Tele-Health program again successful
After returning from his daily walk, 68-year-old Joel Pelzner checks his Fitbit device to see how many miles and steps he walked and how many calories he burned.
He also weighs himself and checks vital signs with a blood pressure cuff and a pulse oximeter. Pelzer then records those stats in an Excel spreadsheet, which he'll discuss with a nurse on Skype.
"How do they look?" Pelzner asked Bethany Zaro, the town's public health nurse, during a Skype session Wednesday.
"They look great," Zaro said. "You're my poster child."
Pelzner is one of 60 seniors with whom Zaro interacts on a weekly or biweekly basis as part of the New Canaan Tele-Health Program.
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The project aims to keep seniors in good health by having them regularly check their vital signs, such as blood pressure and heart rate, and communicate electronically with a nurse.
Following last year's widely acclaimed success of the pilot program, which ran between January and June, it was expanded for the same time period.
The first go-around had 15 people and all equipment was provided by the program. This time, there are 60 participants who are using their own iPads, iPhones, laptops or desktop computers equipped with a camera.
"It allows you to focus on your vital statistics every day," Pelzner said. "What I really enjoy is that it gets you to focus and move."
In the pilot program, the participants ranged in age from 70 to 85. This time around, the age range is between 60 and 93, according to Jim Lisher, chairman of the New Canaan Health and Human Services Commission.
Lisher said the results of the first pilot were "outstanding" with all 15 participants maintaining or improving their health and wellness.
Those involved with the program hope it will keep seniors in better health by focusing on wellness, and save the health system money by treating patients with preventive care.
Typically, every week or two, participants connect with Zaro on Skype or FaceTime to talk about their readings. If readings change, Zaro recommends they see their doctor. The participants also review a list of questions, such as how they have been feeling and how they have been sleeping.
Another difference from last year's participants was that they were "extremely healthy," Lisher said.
"We were testing the technology," he said. "That was our single goal."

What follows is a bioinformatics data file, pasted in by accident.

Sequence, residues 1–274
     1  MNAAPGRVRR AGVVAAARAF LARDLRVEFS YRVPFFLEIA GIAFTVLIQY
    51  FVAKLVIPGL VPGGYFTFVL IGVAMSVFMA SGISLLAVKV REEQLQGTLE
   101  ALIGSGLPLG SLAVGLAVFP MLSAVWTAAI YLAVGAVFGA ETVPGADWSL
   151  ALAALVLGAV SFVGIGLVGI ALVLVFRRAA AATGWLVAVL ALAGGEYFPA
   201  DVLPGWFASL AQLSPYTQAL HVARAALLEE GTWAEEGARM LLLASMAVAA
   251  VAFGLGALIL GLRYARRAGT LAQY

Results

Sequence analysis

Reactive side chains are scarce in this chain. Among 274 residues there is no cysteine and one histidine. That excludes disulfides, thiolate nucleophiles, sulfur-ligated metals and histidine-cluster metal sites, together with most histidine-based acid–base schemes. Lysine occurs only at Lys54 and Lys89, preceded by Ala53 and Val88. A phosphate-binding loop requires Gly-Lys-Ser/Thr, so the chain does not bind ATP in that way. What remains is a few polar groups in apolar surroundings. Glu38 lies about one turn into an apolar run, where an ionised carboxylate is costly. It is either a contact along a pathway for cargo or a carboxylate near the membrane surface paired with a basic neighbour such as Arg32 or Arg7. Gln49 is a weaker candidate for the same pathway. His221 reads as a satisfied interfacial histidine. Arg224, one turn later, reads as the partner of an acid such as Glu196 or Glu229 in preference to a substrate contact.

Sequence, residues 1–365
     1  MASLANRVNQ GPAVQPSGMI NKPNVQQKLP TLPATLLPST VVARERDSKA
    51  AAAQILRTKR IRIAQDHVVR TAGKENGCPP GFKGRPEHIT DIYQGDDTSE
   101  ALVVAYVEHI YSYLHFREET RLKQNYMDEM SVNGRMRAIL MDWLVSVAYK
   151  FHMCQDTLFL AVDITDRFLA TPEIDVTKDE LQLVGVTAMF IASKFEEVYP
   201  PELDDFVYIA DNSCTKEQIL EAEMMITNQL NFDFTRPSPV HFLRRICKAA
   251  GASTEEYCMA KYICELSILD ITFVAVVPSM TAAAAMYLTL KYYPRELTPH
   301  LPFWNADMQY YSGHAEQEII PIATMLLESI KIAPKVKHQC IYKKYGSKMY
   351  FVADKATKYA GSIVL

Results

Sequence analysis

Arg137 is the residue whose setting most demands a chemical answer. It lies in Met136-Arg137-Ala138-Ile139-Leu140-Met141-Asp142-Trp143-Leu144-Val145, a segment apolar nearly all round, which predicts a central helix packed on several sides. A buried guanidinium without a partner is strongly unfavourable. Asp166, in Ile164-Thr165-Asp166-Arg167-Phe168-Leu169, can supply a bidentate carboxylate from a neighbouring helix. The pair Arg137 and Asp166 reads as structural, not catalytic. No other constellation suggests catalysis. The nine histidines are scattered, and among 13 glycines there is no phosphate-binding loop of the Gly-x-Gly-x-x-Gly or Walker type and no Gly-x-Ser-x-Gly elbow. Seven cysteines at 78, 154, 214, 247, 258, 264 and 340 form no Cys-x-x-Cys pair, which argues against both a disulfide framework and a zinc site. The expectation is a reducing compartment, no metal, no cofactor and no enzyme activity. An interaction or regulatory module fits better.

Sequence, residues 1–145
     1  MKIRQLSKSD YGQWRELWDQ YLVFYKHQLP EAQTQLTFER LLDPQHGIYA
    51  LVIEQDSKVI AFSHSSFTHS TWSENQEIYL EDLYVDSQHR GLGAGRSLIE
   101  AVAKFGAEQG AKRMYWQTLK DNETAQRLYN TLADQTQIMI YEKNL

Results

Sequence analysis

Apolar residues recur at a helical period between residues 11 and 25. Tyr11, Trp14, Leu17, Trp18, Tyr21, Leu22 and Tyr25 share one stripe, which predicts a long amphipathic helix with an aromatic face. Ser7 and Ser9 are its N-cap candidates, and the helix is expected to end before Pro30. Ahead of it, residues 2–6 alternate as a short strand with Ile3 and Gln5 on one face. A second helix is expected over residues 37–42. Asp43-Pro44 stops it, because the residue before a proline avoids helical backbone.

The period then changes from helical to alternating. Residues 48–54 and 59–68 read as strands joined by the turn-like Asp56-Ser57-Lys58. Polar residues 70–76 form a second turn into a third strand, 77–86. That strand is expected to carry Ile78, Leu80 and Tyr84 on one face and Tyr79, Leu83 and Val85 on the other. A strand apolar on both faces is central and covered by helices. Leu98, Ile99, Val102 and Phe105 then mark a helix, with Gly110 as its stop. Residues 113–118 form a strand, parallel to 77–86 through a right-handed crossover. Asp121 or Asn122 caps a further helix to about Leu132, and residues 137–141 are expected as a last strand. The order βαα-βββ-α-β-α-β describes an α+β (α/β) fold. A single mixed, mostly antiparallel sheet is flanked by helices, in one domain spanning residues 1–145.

Lisher said all participants "loved it." Blood pressure and weight, two very critical issues among the senior population, went down for most participants in 2013. Eleven of the 15 seniors lost weight, Lisher said, even though weight loss was not a focus of the program.
"Because you weigh yourself every week you become more aware of your weight," he said. "You see how much you're moving around every day so you can't help but lose weight."
Blood pressure went down for eight out of the 15 seniors last year, according to Lisher.
Though all participants are New Canaan residents, some of them are out of town, but most of them still took their devices. Zaro said there are some participants in Florida and a couple in Hawaii, for example.
In 2013, the program provided seniors with tablets. This time, they're using their own devices, but the program provided the monitors.
Organizers believe this is the only program of its kind in the nation. Lisher said many institutions around the country are looking at the program. He said he's been asked to make presentations about it across the state, including in Hartford and New Haven.
He also said he was contacted by Johns Hopkins University in Maryland and organizations in Indiana, California and Florida.
The project is funded through a private and public partnership.
Last year, the nurse was Susan Klehm, but she recently accepted a job at Waveny Care Center, Lisher said.
Zaro, who has working part-time for the program, said each session lasts about eight minutes. Even though the second pilot officially started just a few weeks ago, Zaro said participants already are noticing trends.
"They're becoming very much involved in their wellness," she said.
Zaro said she's also noticed a psychosocial effect on participants.
"Not only do they Skype with me, but they're doing that with their families," Zaro said. "It's phenomenal. I feel like I just made 63 new friends."
One of the program's goals is to make New Canaan "a great place to grow up and grow old."
"Baby boomers are turning 65 and there has to be a way to accommodate their needs," Zaro said, "because their needs are going to be greater."
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